Most bees hibernate throughout the winter months and wake as the days start getting warmer. However, honeybees remain active all year round, despite freezing temperatures.
One of the ways that we can help to protect bees is by adding plants to our gardens that are rich in nectar. Here we share a list of bee-friendly plants and early spring flowers that can help transform a garden into a honeypot for pollinators.
Considered one of the best plants for bees, the ideal time to plant lavender is in the spring, when the soil is dry and naturally warming up. Lavender should never be planted in the winter when the soil is cold and wet as the young plants will become vulnerable. However, as the plant gets older and stronger, its resilience to the cold winters will develop and lavender may continue to flower for the majority of the year. Lavender requires a sunny spot in dry and alkaline soils and once flowered, attracts most types of bees and other pollinating insects. Due to the shape of the flowers, longer tongued bees such as bumblebees have the easiest and fastest access to the pollen of these purple flowers.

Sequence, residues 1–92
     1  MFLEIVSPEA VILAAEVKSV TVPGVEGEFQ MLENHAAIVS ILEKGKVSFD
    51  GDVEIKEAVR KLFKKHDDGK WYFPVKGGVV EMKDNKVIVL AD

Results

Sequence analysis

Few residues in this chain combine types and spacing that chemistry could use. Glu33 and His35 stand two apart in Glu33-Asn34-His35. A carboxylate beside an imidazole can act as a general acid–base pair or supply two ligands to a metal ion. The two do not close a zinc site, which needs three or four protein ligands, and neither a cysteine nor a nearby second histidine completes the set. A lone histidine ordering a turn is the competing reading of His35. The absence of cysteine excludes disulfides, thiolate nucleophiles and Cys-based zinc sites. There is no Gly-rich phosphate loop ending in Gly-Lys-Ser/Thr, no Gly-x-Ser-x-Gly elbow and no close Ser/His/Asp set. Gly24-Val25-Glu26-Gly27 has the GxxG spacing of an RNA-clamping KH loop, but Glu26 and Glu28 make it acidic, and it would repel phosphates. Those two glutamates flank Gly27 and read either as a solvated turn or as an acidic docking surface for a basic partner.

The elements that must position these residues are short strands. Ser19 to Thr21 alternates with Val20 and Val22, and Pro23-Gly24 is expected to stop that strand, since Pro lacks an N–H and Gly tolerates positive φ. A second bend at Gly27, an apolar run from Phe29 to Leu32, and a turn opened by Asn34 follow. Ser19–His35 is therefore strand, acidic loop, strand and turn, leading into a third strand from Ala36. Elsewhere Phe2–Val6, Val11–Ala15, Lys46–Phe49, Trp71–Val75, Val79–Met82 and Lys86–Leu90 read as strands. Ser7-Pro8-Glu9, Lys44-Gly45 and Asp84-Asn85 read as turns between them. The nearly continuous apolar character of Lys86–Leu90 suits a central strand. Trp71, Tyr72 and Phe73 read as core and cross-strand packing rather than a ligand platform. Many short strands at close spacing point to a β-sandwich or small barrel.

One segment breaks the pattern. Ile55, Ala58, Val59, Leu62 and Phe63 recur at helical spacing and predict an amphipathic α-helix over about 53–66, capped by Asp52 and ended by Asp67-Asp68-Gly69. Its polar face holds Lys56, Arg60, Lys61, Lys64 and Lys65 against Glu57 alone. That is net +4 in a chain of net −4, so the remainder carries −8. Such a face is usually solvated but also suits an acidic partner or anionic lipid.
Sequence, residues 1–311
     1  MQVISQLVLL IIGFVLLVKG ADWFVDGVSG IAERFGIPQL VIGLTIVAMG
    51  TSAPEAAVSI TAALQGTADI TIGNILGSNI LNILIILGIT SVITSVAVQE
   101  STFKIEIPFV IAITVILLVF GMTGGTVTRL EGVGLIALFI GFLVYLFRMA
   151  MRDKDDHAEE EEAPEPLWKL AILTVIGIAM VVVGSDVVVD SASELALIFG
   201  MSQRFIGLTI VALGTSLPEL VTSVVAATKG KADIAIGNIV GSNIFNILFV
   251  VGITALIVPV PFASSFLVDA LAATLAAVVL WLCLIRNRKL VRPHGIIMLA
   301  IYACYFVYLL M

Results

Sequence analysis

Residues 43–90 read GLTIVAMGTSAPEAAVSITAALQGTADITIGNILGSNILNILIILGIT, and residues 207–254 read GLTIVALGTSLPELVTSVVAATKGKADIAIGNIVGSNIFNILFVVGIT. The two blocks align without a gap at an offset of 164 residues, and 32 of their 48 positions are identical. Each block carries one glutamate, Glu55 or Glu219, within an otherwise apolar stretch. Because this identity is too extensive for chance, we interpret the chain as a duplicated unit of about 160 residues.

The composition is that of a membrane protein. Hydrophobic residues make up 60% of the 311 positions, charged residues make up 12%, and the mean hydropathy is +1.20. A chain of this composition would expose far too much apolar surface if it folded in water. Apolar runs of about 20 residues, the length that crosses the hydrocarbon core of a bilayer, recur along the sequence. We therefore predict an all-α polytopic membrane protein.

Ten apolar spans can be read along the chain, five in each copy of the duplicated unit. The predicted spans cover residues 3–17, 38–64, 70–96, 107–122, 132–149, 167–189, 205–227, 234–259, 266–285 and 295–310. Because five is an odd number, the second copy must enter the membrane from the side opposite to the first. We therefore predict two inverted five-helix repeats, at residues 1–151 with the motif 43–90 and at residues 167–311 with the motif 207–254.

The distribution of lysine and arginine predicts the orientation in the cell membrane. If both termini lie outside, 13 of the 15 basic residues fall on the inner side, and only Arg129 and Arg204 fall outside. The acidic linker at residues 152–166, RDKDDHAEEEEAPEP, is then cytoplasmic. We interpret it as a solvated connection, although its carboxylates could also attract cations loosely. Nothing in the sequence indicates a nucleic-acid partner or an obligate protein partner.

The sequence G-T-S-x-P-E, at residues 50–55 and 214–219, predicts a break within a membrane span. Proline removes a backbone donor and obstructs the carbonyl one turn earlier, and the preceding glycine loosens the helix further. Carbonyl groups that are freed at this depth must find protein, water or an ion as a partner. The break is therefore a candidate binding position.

The vivid blue and purple tones of the bluebell will initially attract bees and make a great food source for pollinators. Bluebells flower around April/May and grow best along a hedge or under trees. Named one of the UK’s most loved wildflowers, Bluebells are easy to grow and provide a great flower for the tricky shaded spots in any garden. They are also a protected species so it is illegal to collect Bluebell bulbs from the wild. When buying Bluebell bulbs, be sure to check that they have not been wild-collected and have been grown in the UK to avoid any imported pests or diseases.